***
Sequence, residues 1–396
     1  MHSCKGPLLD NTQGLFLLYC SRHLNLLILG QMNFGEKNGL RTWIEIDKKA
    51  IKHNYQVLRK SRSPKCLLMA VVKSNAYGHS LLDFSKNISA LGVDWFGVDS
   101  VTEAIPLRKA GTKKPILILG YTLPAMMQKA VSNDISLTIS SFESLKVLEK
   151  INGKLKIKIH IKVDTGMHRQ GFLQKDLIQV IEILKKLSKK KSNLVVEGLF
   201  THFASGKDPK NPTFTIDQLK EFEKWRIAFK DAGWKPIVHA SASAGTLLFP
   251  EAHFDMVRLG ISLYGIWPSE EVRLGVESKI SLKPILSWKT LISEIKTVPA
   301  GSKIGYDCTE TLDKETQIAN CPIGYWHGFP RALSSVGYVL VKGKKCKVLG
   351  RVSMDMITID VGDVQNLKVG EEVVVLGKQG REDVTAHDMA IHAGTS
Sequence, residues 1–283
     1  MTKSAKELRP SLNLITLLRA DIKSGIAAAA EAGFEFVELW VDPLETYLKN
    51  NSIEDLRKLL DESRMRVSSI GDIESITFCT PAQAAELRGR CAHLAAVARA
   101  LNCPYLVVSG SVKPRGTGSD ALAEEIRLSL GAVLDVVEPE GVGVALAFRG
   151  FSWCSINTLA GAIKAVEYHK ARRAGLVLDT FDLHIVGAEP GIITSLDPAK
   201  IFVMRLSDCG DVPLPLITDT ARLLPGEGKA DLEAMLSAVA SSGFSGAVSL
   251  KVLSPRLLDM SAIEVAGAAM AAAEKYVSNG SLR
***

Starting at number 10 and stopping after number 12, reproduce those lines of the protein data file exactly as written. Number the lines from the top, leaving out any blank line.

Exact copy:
Sequence, residues 1–283
     1  MTKSAKELRP SLNLITLLRA DIKSGIAAAA EAGFEFVELW VDPLETYLKN
    51  NSIEDLRKLL DESRMRVSSI GDIESITFCT PAQAAELRGR CAHLAAVARA